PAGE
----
SALT Strategies

Illinois Enacts Elective Pass-through Entity Tax and Enters the PTET Highway

IL PTET header 1 - Illinois Enacts Elective Pass-through Entity Tax and Enters the PTET Highway

On August 27, 2021, Illinois governor J.B. Pritzker signed P.A. 102-658 (S.B. 2531), Laws 2021 {“Bill”}, that establishes an elective Pass-through Entity Tax (PTET) for partnerships and S corporations. The Bill permits PTEs to pay an elective tax on income earned or received in the state.

The Illinois PTET – Quick Take – The E’s and T’s of the Illinois PTET

The Quick Take – Most notably, the Bill modified Section 201 to include Subsection (p) that provides the Illinois PTET:

  • Eligible Entities – Partnerships and S corporations, but not Publicly Traded Partnerships.
  • Elective – An annual election is required and it is irrevocable once made. At this time, there is no identified procedure to make the election in the Bill.
  • Effective – The PTET is effective for tax years ending on or after December 31, 2021. The PTET will end at the earlier date of the repeal of the TCJA SALT limitation or January 1, 2026.
  • Estimated Payments – Required if the Illinois PTET exceeds $500. At this time, how to pay estimated tax payments is to be determined.
  • Tax Rate – 4.95%.
  • Tax Calculation – Based on Illinois Apportioned Income, there is no distinction between S corps & Partnerships nor Resident or Non-Resident (unlike the NY PTET).
  • Tax Credit – Partners and shareholders can claim a refundable credit equal to 4.95% of their distributive share of the entity’s net income.
  • Tiered PTEs – Tiered partnerships can deduct distributive income from the electing partnership.

The Bill – Subsection (p) In Greater Detail

The Bill amended Section 5 in the Illinois Income Tax Act {“The Act”}. The following Illinois Statutes were amended:

As noted earlier, The Bill adds Subsection (p) to Section 201. The following excerpts from Subsection (p) as added by P.A. 102-658 (S.B. 2531), Laws 2021, are provided below to supplement the aforementioned Quick Take.

Eligible Entities

Per Subsection (p)1, “a partnership (other than a publicly traded partnership under Section 7704 of the Internal Revenue Code) or Subchapter S corporation may elect to apply the provisions of this subsection.” See Amended Section 201(p)(1) as Amended by P.A. 102-658.

Elective

“A separate election shall be made for each taxable year. Such election shall be made at such time, and in such form and manner as prescribed by the Department, and, once made, is irrevocable.” See Amended Section 201(p)(1) as Amended by P.A. 102-658.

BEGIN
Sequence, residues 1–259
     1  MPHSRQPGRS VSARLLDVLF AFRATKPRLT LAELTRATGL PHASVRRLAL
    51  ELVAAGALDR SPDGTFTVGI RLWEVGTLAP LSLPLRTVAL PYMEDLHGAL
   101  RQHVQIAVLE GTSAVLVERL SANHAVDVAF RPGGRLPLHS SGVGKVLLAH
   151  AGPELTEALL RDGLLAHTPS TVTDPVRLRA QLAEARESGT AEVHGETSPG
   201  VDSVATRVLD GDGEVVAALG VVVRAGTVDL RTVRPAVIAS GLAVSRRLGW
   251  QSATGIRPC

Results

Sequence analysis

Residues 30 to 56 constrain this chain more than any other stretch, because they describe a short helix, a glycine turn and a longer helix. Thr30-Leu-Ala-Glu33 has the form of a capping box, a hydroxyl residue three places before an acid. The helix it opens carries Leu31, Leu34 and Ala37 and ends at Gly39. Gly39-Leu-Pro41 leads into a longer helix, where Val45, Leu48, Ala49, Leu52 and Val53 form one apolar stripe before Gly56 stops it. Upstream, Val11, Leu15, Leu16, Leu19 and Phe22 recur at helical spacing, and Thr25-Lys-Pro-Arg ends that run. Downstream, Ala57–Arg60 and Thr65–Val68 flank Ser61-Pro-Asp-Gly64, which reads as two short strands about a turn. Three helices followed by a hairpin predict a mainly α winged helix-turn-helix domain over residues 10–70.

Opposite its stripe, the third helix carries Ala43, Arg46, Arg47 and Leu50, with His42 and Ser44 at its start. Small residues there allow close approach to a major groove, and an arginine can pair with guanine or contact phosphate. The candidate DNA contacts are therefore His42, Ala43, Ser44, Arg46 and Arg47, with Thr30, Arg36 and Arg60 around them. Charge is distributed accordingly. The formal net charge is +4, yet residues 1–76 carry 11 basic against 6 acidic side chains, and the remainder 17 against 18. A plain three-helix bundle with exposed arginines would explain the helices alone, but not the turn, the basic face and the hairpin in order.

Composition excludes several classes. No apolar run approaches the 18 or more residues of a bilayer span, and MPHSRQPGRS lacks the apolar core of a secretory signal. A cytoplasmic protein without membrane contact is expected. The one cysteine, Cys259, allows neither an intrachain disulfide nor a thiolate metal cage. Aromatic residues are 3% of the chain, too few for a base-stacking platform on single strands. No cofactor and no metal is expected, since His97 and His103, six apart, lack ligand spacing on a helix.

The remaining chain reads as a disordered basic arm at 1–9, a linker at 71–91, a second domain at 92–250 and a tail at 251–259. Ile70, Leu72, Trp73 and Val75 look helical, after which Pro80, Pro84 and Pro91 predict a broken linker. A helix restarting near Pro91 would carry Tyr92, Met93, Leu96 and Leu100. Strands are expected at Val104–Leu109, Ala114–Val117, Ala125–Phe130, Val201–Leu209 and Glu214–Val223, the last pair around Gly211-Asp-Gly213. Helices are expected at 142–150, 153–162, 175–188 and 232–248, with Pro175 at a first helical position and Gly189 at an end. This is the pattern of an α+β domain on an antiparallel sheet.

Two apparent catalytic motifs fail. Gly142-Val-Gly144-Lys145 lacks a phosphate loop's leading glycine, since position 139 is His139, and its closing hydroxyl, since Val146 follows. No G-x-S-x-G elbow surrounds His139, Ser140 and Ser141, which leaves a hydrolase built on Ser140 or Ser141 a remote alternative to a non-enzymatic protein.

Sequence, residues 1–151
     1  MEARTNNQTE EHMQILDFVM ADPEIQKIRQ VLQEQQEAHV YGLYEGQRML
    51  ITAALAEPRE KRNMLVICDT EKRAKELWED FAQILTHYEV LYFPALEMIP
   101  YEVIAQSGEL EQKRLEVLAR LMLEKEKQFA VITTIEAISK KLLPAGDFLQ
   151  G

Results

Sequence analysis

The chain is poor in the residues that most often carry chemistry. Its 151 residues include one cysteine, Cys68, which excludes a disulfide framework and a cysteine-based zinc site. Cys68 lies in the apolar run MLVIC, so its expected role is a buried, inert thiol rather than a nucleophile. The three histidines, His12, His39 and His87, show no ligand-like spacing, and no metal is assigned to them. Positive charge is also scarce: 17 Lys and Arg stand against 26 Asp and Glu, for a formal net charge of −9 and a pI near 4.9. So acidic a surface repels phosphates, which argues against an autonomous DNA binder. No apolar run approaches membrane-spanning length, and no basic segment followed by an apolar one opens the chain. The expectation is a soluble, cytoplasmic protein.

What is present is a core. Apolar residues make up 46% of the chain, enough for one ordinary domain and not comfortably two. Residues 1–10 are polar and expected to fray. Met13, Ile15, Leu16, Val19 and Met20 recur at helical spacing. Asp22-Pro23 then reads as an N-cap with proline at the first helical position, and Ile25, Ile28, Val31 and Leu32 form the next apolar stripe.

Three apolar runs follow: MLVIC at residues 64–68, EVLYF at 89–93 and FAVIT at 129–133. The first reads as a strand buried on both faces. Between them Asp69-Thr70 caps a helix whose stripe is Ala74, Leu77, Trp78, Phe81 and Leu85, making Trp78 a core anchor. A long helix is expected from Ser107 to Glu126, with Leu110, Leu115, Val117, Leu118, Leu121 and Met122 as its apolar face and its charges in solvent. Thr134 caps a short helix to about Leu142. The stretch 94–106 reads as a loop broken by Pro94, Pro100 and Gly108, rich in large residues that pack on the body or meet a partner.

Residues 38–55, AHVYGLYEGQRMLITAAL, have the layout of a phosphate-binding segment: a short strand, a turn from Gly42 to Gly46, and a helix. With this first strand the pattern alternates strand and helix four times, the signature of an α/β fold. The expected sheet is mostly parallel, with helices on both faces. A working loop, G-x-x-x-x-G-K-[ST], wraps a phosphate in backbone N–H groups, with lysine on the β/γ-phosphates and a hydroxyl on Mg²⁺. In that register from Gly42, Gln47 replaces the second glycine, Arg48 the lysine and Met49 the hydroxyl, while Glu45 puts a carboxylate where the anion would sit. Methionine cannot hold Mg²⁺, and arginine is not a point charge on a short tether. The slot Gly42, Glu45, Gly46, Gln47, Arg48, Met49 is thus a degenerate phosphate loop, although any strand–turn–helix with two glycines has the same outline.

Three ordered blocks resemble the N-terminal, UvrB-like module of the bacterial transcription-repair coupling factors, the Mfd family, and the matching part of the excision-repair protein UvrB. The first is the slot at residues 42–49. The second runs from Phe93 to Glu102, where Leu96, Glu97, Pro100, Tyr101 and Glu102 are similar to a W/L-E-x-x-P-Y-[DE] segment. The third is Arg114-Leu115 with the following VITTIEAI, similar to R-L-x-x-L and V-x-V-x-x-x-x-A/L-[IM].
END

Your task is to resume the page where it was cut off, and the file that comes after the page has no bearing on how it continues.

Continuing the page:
Effective

“For taxable years ending on or after December 31, 2021 and beginning prior to January 1, 2026, a partnership (other than a publicly traded partnership under Section 7704 of the Internal Revenue Code) or Subchapter S corporation may elect to apply the provisions of this subsection.” See Amended Section 201(p)(1) as Amended by P.A. 102-658.

“The provisions of this subsection shall apply only with respect to taxable years for which the limitation on individual deductions applies under Section 164(b)(6) of the Internal Revenue Code.” See Amended Section 201(p)(10) as Amended by P.A. 102-658.

Estimated Payments

“For each taxable year for which an election under paragraph (1) is in effect, a partnership or Subchapter S corporation is required to pay estimated tax for such taxable year under Sections 803 and 804 of The Act if the amount payable as estimated tax can reasonably be expected to exceed $500.” See Amended Section 201(p)(9) as Amended by P.A. 102-658.

Tax Rate

Section 201(p)(2) of the Bill sets forth that “a partnership or Subchapter S corporation electing to apply the provisions of this subsection shall be subject to a tax for the privilege of earning or receiving income in this State in an amount equal to 4.95% of the taxpayer’s net income for the taxable year.”

Tax Credit

Section(p)(2)(b) of the Bill sets forth in part that “each partner or shareholder of a taxpayer making the election under this Section shall be allowed a credit against the tax imposed under subsections (a) and (b) of Section 201 of The Act for the taxable year of the partnership or Subchapter S corporation for which an election is in effect ending within or with the taxable year of the partner or shareholder in an amount equal to 4.95% times the partner or shareholder’s distributive share of the net income of the electing partnership or Subchapter S corporation.”